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Avoid these Common Investing Mistakes

While in a hard to believe, even the great Warren Buffett has made one or two mistakes during the 40+ years that he’s been investing. The reason we bring this up is that, for most of us mere mortals, mistakes are certainly a part of the game. The real trick however is to recognize your mistakes and, hopefully, learn from them. To that end we put together a list of some of the most common investing mistakes so that, rather than having to make them yourself, you can read about them here and avoid them completely. Enjoy.

  1.  Relying too much on Margin. While it’s known in investment circles as ‘free money’, the fact is that margin, or borrowing money to leverage your investments, can sometimes be exactly the opposite. If your margined investments start to lose and you used too much borrowed money to buy them, the losses that you have will be greatly compounded. The fact is, you’re going to eventually have to pay that money back and, if you weren’t wise when using the margin, the financial pain that you’re going to feel may be great. The lesson here is simply this; use margined sparingly or, if you can, not at all. Better to wait until you have a lot more experience before using this high risk investment strategy.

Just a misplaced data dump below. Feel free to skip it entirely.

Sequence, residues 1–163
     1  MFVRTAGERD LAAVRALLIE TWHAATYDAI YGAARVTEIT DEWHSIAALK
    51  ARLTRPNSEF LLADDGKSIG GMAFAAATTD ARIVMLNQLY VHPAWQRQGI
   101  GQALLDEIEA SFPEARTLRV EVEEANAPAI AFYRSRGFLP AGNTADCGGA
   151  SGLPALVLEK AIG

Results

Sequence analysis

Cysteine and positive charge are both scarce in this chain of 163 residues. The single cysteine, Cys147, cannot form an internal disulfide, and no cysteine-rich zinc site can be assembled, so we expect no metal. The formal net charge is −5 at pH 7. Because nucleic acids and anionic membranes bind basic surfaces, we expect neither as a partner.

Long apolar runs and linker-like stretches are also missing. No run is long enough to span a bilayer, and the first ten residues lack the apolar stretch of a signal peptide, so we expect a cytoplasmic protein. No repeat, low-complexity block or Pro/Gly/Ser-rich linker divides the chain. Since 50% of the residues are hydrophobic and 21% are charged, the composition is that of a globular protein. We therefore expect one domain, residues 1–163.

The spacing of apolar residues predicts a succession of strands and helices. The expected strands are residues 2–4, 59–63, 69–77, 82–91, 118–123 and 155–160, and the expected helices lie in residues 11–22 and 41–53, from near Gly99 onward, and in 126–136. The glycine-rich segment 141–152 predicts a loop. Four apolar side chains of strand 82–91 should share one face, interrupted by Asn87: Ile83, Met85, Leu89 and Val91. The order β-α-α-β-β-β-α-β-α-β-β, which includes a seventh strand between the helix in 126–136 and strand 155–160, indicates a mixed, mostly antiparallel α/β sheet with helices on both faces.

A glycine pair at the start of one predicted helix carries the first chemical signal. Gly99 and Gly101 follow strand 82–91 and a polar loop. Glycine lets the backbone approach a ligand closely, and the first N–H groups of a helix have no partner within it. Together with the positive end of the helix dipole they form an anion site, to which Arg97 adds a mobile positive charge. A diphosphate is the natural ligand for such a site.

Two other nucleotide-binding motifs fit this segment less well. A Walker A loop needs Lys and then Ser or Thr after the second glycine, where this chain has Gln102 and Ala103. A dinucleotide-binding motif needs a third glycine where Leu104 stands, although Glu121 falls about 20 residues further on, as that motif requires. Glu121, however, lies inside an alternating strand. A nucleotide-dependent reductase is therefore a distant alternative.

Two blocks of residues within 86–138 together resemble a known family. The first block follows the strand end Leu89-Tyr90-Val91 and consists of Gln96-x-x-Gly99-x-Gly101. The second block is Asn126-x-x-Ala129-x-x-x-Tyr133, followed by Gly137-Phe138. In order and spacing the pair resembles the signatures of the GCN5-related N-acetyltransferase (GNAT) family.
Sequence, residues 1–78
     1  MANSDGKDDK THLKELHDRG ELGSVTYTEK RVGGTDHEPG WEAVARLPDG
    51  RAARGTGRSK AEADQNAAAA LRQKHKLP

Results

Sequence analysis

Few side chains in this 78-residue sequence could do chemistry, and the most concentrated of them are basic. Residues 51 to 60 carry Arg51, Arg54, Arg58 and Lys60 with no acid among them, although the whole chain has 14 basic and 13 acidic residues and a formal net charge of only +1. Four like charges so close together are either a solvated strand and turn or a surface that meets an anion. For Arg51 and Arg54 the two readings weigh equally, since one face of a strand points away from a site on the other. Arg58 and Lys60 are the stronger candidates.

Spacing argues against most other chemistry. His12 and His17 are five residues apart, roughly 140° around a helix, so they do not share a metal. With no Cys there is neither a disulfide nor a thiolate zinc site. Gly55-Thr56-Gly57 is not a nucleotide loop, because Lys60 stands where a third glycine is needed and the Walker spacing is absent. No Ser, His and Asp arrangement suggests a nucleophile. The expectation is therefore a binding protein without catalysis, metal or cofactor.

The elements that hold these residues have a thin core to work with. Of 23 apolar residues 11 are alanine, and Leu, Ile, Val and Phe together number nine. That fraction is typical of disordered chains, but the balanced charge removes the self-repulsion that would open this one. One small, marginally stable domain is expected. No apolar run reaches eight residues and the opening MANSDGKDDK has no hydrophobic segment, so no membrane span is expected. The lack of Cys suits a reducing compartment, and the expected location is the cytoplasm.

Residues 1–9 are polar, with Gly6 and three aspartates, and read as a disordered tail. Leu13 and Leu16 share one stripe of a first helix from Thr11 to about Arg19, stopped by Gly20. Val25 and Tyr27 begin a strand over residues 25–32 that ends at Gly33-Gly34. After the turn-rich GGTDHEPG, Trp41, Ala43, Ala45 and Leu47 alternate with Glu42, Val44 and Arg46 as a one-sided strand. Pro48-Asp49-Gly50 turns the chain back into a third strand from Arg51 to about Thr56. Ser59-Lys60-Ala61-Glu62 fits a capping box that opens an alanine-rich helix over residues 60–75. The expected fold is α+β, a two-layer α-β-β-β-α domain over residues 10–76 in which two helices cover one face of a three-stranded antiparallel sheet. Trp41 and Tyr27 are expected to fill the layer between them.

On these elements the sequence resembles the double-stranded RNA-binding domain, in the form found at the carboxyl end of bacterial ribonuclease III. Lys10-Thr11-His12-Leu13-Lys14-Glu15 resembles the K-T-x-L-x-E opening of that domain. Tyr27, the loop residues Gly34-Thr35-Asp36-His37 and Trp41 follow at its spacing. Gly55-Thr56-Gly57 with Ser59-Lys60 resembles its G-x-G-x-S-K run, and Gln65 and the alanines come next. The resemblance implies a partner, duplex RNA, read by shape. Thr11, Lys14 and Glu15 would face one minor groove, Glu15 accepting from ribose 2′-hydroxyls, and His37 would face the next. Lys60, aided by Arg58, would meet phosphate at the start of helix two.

2. Using ‘tips’ to buy stocks. This one’s relatively easy to explain. If it’s been used to get a laugh on a television sitcom, Jerry Seinfeld has used it in one of his routines or your neighbor Bob has told you that he’s positive that this is going to be this stock tip that ‘sets you up for life’, following it will probably means that there is a cream pie to the face  in your future. To be perfectly frank, taking a tip in and of itself isn’t a big mistake but not following up on your tip and researching it thoroughly, as well as considering the source, is just plain dumb, financially speaking. The lesson here is that you should always thoroughly research and do your due diligence on any tips that you might get, no matter the source.
  3.  Thinking that you can become a day trader overnight. For the inexperienced investor day trading should definitely be avoided. Yes we’ve heard about investors who spend all day buying and selling stocks from their computer and we’ve also heard about how they make thousands on one trade while sitting in their jammies sipping their coffee. The fact is however that, for those that actually can and have done this, they have also put in a heck of a lot of time and energy to get where they are and, in most cases, have also lost more than their fair share of times. The average day trader is a person who has years of training, lots of patience and an inordinate amount of discretionary capital to work with. The lesson here is that, unless you’re going to make it your actual career, day trading should never be looked at as a hobby (unless you have all sorts of money to burn).
  4.  Many people who have had early success in the stock market tend to overestimate their abilities. This can be a huge mistake and, for every new investor who gets swept up in the euphoria of their success, there’s 10 others who have been met with massive failure and the loss of substantial amounts of money because they overestimated just how good they actually are. The lesson here is simply that, even if you have one or two early successes, you still need to take things slowly, put in time for research and strategy and constantly ask yourself ‘can I do better?”. If you really want to be successful as an investor in the stock market, patience is definitely your ally as well as a smidge of humility.